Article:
I can’t get on the mats as much as I’d like. So I was looking for some BJJ rolling tips… and found these ways how to get the most out of every Jiu Jitsu class
Now, some of these are common sense…
…but some are surprising to me!
They’re ways how to:
Practice the right things.
Let’s get started:
Don’t start rolling on your knees
This is a great quote from UFC Heavyweight and Metamoris Heavyweight Champion Josh Barnett:
Live wrestling/rolling with both wrestlers/grapplers starting on their knees. Practically anyone who trains in the current grappling climate has seen it.
For some gyms it’s the only way they start and I’ll tell you why no matter the case…
You’re wasting your time (or your student’s time in the case of coaches) doing it.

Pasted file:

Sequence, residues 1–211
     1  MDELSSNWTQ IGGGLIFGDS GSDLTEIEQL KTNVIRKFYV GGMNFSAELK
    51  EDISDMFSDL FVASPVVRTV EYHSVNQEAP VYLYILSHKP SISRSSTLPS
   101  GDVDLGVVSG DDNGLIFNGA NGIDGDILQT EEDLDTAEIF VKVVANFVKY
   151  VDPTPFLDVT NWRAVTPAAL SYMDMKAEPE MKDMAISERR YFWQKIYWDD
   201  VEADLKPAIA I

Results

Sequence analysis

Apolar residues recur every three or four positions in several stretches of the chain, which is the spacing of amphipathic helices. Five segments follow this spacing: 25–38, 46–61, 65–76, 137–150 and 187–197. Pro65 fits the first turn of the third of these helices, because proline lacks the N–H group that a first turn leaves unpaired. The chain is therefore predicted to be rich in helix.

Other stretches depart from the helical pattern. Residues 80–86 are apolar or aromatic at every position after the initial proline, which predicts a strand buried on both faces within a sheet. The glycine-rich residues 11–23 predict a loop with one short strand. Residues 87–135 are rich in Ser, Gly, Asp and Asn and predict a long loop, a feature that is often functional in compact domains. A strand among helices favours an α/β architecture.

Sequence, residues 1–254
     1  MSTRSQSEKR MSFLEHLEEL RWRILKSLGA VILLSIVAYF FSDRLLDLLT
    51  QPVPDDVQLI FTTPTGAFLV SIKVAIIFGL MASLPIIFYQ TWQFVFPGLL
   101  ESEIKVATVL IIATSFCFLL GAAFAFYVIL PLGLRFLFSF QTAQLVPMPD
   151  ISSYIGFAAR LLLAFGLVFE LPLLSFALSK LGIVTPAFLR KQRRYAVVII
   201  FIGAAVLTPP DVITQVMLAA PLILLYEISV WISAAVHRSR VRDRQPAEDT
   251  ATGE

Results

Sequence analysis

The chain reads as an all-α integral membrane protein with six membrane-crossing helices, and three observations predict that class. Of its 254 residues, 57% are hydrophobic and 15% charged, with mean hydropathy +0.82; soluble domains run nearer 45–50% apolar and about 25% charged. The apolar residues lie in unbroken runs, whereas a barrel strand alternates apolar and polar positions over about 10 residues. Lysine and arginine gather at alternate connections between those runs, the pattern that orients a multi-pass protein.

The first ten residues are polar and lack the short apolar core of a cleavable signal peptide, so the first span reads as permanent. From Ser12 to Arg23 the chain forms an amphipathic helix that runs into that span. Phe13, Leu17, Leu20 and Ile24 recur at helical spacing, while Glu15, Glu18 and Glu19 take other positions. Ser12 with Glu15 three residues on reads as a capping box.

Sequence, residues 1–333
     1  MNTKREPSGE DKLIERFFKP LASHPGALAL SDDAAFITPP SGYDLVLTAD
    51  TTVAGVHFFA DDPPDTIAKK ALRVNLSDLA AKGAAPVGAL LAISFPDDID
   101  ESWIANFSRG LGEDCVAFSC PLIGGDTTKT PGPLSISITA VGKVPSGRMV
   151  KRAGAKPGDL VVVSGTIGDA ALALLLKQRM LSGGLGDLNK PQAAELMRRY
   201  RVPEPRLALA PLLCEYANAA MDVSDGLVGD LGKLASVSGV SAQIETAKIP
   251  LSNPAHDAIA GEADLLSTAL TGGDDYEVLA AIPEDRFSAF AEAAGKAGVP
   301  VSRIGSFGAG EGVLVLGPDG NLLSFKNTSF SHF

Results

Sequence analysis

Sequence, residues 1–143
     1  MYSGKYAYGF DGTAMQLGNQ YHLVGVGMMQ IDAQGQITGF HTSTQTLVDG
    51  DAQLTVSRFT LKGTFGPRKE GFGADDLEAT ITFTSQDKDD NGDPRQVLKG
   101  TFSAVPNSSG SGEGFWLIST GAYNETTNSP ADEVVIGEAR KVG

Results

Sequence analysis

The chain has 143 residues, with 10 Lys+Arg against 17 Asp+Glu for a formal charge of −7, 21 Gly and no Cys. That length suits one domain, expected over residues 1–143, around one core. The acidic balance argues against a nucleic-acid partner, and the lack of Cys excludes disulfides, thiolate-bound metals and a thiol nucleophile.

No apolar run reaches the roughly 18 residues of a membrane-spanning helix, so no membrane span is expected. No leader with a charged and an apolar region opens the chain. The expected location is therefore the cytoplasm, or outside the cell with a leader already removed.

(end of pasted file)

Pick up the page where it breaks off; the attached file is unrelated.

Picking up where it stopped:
First and foremost fights and grappling matches don’t start on your knees.
In fact I can’t think of any sports that do besides Inuit Kneel Jumping (Google that sh*t. It’s a real sport) and last I checked that’s not the sport we were training for.
I can remember one of the first things my high school wrestling coach said to me “Nice to meet you.” and the second thing being “GET OFF YOUR F**KING KNEES!”
It’s not just him. There’s plenty more who have the same view:
Takedowns from The Knees in BJJ Are a Waste of Time
So what should you do?
Well, unless your school has a rule against it…
Start rolling in a position you want to work on
Now, there’s probably not too many training partners who want you to start in side-control to let you work on that head-arm triangle…
…but there’s plenty that will let you start in a weaker position.
Evolve MMA (a great blog to follow) have this to say:
Instead of starting with your favorite guard pass or pulling your favorite guard, why not try a position where you’re at a disadvantage.
It might be a huge blow to your ego, and you might get tapped out, but it’s OK. The more you practice this position, the better you’ll get and eventually you can add it to your arsenal of techniques.